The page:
A federal judge in Southern California has dismissed the lawsuit that created a public rift between President Barack Obama and gay supporters.
U.S. District Judge David O. Carter (pictured) ruled the case — the first of several pending challenges to the federal Defense of Marriage Act — must be refiled in federal court.
Carter said the suit had been improperly filed in state court before it was transferred to his jurisdiction, and that the federal government can not be sued in state courts. As a result, he said, he would not entertain arguments on its merits, at least not yet.
The case, filed on behalf of Arthur Smelt and Christopher Hammer, a gay couple from Orange County, is challenging the federal law, which prevents gay couples from benefiting from federal rights and protections connected to marriage. The suit claims DOMA violates the U.S. Constitution by discriminating against gay men and lesbians.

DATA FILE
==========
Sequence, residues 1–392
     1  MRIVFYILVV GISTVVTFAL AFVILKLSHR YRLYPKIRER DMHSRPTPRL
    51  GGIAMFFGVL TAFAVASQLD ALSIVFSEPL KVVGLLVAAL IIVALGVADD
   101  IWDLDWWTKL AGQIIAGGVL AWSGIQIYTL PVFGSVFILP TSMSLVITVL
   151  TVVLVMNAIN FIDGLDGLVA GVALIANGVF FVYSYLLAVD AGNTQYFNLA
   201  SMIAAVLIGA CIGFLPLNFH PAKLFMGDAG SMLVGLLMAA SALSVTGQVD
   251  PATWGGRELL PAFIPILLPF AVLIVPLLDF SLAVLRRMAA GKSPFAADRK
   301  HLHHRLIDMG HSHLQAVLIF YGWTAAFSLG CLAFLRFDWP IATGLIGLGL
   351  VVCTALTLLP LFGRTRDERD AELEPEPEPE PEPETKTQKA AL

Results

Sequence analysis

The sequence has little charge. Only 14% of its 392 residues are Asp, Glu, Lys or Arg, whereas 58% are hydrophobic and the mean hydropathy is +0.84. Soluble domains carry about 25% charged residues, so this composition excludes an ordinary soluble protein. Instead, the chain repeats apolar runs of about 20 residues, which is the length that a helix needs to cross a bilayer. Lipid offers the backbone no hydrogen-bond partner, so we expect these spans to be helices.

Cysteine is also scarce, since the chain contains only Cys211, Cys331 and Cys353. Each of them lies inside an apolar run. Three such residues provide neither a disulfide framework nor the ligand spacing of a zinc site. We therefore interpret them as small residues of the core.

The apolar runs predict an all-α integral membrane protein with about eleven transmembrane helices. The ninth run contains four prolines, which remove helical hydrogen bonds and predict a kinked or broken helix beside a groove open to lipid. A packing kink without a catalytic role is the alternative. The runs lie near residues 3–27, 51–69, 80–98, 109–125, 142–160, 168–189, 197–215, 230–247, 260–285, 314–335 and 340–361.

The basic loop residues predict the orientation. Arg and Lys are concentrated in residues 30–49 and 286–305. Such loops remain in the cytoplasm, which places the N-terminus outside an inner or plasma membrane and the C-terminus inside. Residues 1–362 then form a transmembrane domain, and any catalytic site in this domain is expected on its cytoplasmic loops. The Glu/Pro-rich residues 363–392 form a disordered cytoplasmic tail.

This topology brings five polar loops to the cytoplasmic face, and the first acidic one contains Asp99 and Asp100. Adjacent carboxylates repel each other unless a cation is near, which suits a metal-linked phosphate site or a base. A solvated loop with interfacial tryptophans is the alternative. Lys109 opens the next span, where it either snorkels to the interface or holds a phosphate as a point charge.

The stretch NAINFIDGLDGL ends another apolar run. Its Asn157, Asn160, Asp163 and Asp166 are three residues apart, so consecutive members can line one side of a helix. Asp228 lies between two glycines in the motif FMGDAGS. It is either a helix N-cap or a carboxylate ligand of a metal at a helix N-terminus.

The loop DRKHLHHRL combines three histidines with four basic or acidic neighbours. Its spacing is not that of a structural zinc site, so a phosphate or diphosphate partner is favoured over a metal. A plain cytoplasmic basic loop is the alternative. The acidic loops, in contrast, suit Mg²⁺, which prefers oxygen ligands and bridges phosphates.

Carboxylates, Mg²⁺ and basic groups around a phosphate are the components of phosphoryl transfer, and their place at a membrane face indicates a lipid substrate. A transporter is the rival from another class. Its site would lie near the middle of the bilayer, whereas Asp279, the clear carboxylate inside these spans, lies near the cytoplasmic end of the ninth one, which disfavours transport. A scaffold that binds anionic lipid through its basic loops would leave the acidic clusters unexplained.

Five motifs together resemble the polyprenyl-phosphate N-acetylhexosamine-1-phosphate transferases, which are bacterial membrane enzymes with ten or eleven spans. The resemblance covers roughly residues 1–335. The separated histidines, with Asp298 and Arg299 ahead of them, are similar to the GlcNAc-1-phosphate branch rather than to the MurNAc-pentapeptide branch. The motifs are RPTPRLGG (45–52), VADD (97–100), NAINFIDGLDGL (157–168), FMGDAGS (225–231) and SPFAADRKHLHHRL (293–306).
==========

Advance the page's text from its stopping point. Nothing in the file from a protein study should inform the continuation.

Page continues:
Gay marriage supporters criticized Obama this summer after U.S. Justice Department lawyers filed court papers defending the 1996 act.
In an earlier statement, Obama said “The Department of Justice has filed a response to a legal challenge to the Defense of Marriage Act, as it traditionally does when acts of Congress are challenged. This brief makes clear, however, that my administration believes that the act is discriminatory and should be repealed by Congress.”